Informatics is an important aspect of current cancer research because it enables researchers to record, analyze, and manipulate an increasingly cumbersome amount of data. Furthermore, it can also facilitate efficient data sharing among research groups. To realize such potential in thoracic oncology research, we formed the Chicago Thoracic Oncology Database Consortium (CTODC), which is composed of research groups from The University of Chicago, NorthShore University Health System, and Ingalls Health System, who have agreed to implement a common database infrastructure and follow common database practices.
To demonstrate the effectiveness of the CTODC’s collective database infrastructure and its data sharing capabilities, we conducted a proof of principle investigation of patients with lung cancer with and without EGFR mutations who had taken erlotinib at the three institutions mentioned previously. The resulting data query resulted in a large number of patients with comprehensive demographical and clinical data from all three institutions of the consortium.
One of the key pieces of data that were analyzed in this investigation was the EGFR statuses of the patients from the consortium. Specifically, the data on the patients’ overall survival and duration of erlotinib therapy showed that patients with EGFR mutations had a longer duration of erlotinib therapy than patients without any EGFR mutations. Similarly, EGFR mutated patients had a longer overall survival compared to the wild-type patients. These results indicate that overall survival and duration of EGFR wild-type and mutated patients on erlotinib are consistent with the published literature.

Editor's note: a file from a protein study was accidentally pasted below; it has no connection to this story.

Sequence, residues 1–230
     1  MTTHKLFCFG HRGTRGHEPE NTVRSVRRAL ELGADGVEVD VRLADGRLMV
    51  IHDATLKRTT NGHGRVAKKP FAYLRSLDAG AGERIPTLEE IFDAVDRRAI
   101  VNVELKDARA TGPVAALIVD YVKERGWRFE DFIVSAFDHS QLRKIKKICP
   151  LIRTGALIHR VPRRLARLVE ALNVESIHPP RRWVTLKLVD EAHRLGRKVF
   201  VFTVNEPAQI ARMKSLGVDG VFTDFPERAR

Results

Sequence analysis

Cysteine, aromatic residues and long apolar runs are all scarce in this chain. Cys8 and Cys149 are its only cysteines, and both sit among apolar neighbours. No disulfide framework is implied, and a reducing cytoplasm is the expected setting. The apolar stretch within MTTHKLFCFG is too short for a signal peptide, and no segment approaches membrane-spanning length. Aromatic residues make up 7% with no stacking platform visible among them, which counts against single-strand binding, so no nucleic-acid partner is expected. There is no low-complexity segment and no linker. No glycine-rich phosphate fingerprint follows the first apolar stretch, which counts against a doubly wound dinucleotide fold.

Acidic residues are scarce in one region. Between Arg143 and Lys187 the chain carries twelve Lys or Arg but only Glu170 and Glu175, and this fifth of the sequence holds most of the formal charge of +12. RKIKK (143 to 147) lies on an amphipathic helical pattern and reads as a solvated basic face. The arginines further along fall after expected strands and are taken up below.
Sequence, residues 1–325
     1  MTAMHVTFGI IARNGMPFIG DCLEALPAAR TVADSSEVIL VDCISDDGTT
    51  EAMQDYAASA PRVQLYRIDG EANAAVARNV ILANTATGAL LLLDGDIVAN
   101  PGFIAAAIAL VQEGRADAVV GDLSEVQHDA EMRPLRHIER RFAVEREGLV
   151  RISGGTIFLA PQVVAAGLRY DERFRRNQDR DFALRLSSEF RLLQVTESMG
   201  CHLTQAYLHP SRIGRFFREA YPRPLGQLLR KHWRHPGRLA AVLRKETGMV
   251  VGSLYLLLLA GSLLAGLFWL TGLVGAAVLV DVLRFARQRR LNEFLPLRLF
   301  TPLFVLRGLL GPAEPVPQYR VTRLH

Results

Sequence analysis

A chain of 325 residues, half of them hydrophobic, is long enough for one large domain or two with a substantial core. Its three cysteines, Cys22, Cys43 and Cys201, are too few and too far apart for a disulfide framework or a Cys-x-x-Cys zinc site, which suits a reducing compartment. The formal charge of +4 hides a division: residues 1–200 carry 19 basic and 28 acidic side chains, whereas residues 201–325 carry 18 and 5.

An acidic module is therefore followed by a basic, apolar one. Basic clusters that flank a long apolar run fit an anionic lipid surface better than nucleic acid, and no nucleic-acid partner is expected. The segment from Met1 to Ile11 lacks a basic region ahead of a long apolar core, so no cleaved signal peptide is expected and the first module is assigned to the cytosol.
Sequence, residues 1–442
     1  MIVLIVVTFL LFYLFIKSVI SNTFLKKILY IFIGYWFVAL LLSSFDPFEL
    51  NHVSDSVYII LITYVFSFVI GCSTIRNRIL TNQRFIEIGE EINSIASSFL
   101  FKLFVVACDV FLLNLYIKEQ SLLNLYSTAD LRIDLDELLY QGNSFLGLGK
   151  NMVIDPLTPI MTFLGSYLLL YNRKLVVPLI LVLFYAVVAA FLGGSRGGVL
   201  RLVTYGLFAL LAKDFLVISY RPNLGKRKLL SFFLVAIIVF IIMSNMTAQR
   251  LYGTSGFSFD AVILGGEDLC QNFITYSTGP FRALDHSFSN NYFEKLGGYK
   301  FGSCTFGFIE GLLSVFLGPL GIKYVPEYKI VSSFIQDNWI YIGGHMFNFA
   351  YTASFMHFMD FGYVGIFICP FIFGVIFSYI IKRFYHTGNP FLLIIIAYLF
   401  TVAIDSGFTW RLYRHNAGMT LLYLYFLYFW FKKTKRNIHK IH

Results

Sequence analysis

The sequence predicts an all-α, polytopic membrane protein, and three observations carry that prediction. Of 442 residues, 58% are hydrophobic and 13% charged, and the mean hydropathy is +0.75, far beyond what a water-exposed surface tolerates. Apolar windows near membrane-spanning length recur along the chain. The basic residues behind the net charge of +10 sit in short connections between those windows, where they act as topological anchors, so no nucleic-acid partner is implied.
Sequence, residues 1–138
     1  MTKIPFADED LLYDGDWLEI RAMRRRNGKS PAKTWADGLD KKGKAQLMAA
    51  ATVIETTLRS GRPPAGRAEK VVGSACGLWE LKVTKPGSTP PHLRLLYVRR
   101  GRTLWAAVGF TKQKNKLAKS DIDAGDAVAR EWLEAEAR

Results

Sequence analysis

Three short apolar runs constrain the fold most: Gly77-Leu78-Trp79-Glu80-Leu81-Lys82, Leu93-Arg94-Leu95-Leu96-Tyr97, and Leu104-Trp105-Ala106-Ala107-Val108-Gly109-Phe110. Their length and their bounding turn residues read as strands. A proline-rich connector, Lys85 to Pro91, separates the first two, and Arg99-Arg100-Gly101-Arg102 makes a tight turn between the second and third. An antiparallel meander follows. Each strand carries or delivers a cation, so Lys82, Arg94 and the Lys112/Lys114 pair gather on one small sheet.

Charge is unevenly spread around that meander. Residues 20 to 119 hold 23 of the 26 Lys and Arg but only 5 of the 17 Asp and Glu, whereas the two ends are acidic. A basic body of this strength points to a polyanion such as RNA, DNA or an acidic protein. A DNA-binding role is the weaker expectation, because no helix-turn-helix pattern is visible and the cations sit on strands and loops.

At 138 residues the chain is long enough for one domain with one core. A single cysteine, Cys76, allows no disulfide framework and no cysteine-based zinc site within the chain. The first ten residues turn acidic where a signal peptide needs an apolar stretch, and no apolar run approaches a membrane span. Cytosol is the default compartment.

Overall, the investigation yielded positive results and, in turn, demonstrated advantages of the CTODC. First and foremost, the investigation demonstrated the consortium’s ability to yield large amounts of data from each institution. When data from each institution were centralized for this investigation, it increased the number of cases that would otherwise not be available to individual institutions collecting data from their own databases. This robust data set provides researchers with more ways to detect truer relationships and supported findings. Other benefits the investigation showed were the consortium’s reliability and flexibility to incorporate various database and database platforms. Although the institutions of the consortium followed a set of common core data elements, the institutions have branched off their shared data elements to incorporate different types of data and databases suited to their different interests. One case of this is NorthShore’s history with data collection. At one point in time, the University of Chicago and NorthShore used the Microsoft Access 2010 template as their database. Since both institutions were using the same platform, this made data transmission between the institutions straightforward. However, NorthShore eventually transitioned to the REDCap database. Despite these differing database platforms, the institutions have relatively maintained uniform data elements and smooth data transfer as shown by this investigation.